Padre::TaskManager - Padre Background Task Scheduler
require Padre::Task::Foo; my $task = Padre::Task::Foo->new(some => 'data'); $task->schedule; # handed off to the task manager
Padre uses threads for asynchroneous background operations which may take so long that they would make the GUI unresponsive if run in the main (GUI) thread.
This class implements a pool of a configurable number of re-usable worker threads. Re-using threads is necessary as the overhead of spawning threads is high. Additional threads are spawned if many background tasks are scheduled for execution. When the load goes down, the number of extra threads is (slowly!) reduced down to the default.
The constructor returns a
Padre::TaskManager object. At the moment,
Padre::TaskManager is a singleton. An object is instantiated when the editor object is created.
Set the minimum and maximum number of worker threads to spawn. Default: 1 to 3
The first workers are spawned lazily: I.e. only when the first task is being scheduled.
TODO: This is disabled for now since we need Wx 0.89 for stable threading.
Disable for profiling runs. In the degraded, threadless mode, all tasks are run in the main thread. Default: 1 (use threads)
The number of milliseconds to wait before checking for dead worker threads. Default: 15000ms
Padre::Task instance (or rather an instance of a subclass), schedule that task for execution in a worker thread. If you call the
schedule method of the task object, it will proxy to this method for convenience.
Create more workers if necessary. Called by
reap which is called regularly by the reap timer, so users don't typically need to call this.
Check for worker threads that have exited and can be joined. If there are more worker threads than the normal number and they are idle, one worker thread (per
reap call) is stopped.
This method is called regularly by the reap timer (see the
reap_interval option to the constructor) and it's not typically called by users.
Shutdown all services with a HANGUP, then stop all worker threads. Called on editor shutdown.
Returns the queue of tasks to be processed as a Thread::Queue object. The tasks in the queue have been serialized for passing between threads, so this is mostly useful internally or for checking the number of outstanding jobs.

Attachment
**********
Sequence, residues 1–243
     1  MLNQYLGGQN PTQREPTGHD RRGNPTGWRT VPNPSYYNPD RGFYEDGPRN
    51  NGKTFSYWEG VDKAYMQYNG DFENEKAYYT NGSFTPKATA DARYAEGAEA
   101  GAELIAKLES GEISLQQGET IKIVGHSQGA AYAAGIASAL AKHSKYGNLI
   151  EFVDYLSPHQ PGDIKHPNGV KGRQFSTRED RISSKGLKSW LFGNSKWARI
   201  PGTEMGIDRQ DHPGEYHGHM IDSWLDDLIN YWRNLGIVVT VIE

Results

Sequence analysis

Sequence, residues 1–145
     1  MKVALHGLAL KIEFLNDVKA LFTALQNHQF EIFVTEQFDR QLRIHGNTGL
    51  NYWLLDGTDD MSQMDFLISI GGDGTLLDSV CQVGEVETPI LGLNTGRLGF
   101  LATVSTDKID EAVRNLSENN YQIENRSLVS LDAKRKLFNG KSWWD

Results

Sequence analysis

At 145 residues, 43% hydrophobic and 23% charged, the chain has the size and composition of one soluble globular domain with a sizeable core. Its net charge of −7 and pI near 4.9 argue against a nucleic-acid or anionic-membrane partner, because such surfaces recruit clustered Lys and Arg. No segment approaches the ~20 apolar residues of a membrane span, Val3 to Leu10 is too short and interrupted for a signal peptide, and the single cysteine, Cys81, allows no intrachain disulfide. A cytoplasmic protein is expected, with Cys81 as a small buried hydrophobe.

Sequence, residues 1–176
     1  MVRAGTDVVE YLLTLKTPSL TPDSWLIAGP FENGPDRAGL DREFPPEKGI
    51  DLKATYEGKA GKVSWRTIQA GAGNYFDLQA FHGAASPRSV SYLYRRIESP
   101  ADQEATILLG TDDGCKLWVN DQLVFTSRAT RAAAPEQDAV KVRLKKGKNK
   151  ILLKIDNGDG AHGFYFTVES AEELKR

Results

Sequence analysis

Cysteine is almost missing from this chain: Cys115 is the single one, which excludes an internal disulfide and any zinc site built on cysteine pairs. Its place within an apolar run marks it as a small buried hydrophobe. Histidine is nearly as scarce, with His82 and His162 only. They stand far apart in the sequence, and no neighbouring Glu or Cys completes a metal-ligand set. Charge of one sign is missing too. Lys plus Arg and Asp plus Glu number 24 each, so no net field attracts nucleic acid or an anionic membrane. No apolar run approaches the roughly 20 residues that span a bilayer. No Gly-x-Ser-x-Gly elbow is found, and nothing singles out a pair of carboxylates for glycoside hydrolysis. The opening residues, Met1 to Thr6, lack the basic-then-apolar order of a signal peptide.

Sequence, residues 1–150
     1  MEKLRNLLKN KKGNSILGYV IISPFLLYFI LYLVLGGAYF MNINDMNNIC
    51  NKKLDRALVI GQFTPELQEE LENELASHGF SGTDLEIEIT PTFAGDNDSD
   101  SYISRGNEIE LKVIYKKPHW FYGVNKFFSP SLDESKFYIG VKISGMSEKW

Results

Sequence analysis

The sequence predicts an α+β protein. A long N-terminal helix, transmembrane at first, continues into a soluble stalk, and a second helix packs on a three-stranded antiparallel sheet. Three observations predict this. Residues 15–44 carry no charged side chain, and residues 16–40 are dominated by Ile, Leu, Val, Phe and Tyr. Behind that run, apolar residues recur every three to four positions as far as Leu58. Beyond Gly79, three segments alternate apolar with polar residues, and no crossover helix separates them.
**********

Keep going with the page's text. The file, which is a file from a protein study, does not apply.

Returns the number of milliseconds between the regulary cleanup runs.
Returns whether running in degraded mode (no threads, false) or normal operation (threads, true).
Returns the number of tasks that are currently being executed.
Gracefully shutdown the services by instructing them to hangup themselves and return via the usual Task mechanism.
Returns a list of the worker threads.
This event handler is called when a background task has finished execution. It deserializes the background task object and calls its
finish method with the Padre main window object as first argument. (This is done because
finish most likely updates the GUI.)
This event handler is called when a background task is about to start execution. It simply increments the running task counter.
Called by the toolbar task-status button. Dumps the list of running tasks to the output panel.
What if the computer can't keep up with the queued jobs? This needs some consideration and probably, the schedule() call needs to block once the queue is "full". However, it's not clear how this can work if the Wx MainLoop isn't reached for processing finish events.
Polling services 'aliveness' in a useful way , something a Wx::Taskmanager might like to display. Ability to selectivly kill tasks/services
The base class of all "work units" is Padre::Task.
Copyright 2008-2009 The Padre development team as listed in Padre.pm.
This program is free software; you can redistribute it and/or modify it under the same terms as Perl 5 itself.